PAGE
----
It's highly ill-advised to keep the axolotl in the tank while cycling, as you are essentially forcing the axolotl to live in its own waste whilst the bacteria colonies build up. Fish-in cycling, on average, takes longer than fish-less cycling. While your tank is cycling, you'll need to tub the axolotl in a tub large enough for the axolotl to fully extend its tail, and large enough for it to be able to turn around (i.e., tupperware, shoebox, etc.). While the axolotl is tubbed, you'll need to do daily 100% water changes. This can be made easier by having two tubs to switch between each day. You're seeing readings for nitrate because the tank is beginning to cycle, but it does not have enough beneficial bacteria to be considered safe.

You cannot leave the axolotl in a tank with any readings of ammonia or nitrite. These compounds are toxic.
Thank you so much, I'll take it out right away. I'm so glad somebody responded, I was worried. I'll look up Dr. Tim's ammonium chloride
 

MargaretMartin90

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So I have a baby golden axolotl of about 2.5 inches, and I've had it for about 5 days. My tank was not cycled when I got her, its 100 percent my fault. My local pet store told me that all I had to do was add some dechlorinator, and my tank would be good. After doing more research, I realized they were wrong, however how wrong were they? No matter how hard I looked, I couldn't find anyone that talked about dechlorinator in cycling a tank until I found this website:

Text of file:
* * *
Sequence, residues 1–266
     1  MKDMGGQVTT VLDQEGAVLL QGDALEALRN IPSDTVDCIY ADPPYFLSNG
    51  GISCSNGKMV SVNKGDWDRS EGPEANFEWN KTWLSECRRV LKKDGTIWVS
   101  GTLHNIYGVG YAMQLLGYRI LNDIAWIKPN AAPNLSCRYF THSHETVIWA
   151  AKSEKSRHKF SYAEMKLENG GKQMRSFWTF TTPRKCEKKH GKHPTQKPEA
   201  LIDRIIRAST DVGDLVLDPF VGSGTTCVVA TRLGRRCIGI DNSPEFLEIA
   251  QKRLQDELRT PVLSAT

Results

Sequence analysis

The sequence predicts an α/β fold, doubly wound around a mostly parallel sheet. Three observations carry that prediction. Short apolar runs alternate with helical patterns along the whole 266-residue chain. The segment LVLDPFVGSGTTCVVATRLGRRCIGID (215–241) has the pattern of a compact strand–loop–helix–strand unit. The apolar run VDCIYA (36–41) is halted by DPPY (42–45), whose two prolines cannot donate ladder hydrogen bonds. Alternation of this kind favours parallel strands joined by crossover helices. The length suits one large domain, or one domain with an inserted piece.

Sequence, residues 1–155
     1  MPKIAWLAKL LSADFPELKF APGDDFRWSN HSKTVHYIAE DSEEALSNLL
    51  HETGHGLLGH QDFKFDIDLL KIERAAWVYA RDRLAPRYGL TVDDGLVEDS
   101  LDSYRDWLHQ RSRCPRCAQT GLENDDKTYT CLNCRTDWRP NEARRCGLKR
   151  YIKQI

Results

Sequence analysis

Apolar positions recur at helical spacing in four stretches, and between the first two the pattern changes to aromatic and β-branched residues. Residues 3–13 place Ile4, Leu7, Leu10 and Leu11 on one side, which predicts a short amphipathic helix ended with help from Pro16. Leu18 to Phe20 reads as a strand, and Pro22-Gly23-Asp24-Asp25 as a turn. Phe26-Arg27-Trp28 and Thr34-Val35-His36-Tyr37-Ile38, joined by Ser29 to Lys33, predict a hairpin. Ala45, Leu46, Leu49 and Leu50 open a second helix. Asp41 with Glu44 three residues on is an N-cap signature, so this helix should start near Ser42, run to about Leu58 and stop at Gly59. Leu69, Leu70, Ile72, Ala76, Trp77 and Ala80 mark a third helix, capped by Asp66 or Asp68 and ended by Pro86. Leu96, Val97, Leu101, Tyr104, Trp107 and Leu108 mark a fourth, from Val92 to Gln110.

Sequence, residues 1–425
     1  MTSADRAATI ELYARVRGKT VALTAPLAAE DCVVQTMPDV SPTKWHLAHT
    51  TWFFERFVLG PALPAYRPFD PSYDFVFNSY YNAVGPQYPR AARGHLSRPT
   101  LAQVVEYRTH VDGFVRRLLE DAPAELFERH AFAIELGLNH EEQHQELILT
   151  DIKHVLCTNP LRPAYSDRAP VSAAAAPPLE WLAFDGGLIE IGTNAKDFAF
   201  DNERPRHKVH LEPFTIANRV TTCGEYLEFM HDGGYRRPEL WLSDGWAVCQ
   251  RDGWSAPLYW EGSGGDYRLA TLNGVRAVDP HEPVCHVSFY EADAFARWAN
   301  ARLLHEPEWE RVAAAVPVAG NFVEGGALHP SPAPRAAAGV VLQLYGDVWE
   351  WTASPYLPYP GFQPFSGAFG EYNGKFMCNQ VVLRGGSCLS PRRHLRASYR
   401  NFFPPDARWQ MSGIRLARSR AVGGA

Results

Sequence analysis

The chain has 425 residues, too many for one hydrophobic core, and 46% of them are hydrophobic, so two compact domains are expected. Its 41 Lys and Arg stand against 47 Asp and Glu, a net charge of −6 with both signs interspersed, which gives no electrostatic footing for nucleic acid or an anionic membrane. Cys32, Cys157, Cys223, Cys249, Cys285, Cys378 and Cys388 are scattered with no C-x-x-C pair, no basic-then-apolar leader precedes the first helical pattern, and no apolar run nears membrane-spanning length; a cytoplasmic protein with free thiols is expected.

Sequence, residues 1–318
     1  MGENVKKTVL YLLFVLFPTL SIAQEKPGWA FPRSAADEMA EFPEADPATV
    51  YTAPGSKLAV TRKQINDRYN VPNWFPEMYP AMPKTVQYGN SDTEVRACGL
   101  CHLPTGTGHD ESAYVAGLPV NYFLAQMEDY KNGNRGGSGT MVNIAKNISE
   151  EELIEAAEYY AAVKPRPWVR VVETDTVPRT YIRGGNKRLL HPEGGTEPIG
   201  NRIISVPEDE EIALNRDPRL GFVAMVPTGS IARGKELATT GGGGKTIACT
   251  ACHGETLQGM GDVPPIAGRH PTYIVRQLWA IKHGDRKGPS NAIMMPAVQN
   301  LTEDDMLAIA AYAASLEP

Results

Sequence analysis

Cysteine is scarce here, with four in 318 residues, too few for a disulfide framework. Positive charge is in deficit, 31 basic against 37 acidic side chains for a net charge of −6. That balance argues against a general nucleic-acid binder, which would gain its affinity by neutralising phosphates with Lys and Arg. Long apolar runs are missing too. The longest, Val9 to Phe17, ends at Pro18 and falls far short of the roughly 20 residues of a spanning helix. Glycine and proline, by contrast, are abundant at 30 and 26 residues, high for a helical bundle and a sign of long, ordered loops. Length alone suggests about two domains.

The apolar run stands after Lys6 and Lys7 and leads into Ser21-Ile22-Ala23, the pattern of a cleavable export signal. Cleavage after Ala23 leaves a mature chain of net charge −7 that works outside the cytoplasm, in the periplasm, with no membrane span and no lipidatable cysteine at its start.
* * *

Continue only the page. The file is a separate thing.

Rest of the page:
It explains how it is possible to cycle a tank in the short span of time with simply some primer. Which I do have, and I have been using. It also says that I can add the baby in while I do this, which I honestly don't have any other choice but to do because I don't have any safe water to put it in. I know, I know, it's not ideal. I feel horrible. I'm terrified my baby is going to die. I'm constantly testing my water parameters, and I was kind of excited to see the (small, between 0 and 5 ppm) presence of nitrites. That means the cycle is starting, right? I have a 20 gallon tank with probably 11.5 gallons of water in it, and everyday I take out two gallons and then add it back with new water with a few drops of primer in it. That's what I've been doing for a few days. My biggest concern is the ammonia. The primer I'm using (seachem primer) says that it converts ammonia, which is toxic, to ammonium, which is non toxic, however my api water test kit will not be able to tell the difference. My ammonia levels read about 1ppm, but I had no choice but to put her in there and it said that it should be fine? The baby is eating well, pooping on time, exploring it's new tank. It's gills are kind of pink but everything I've been seeing says that that's normal. It's gills aren't curled forward and it's tail is straight most of the time. I just want some feedback, and confirmation on the dechlorinator cycling process. This is my first time owning an axolotl, and I just want it to be ok. Read more about useful guides and tips for writing papers here essayhelp.com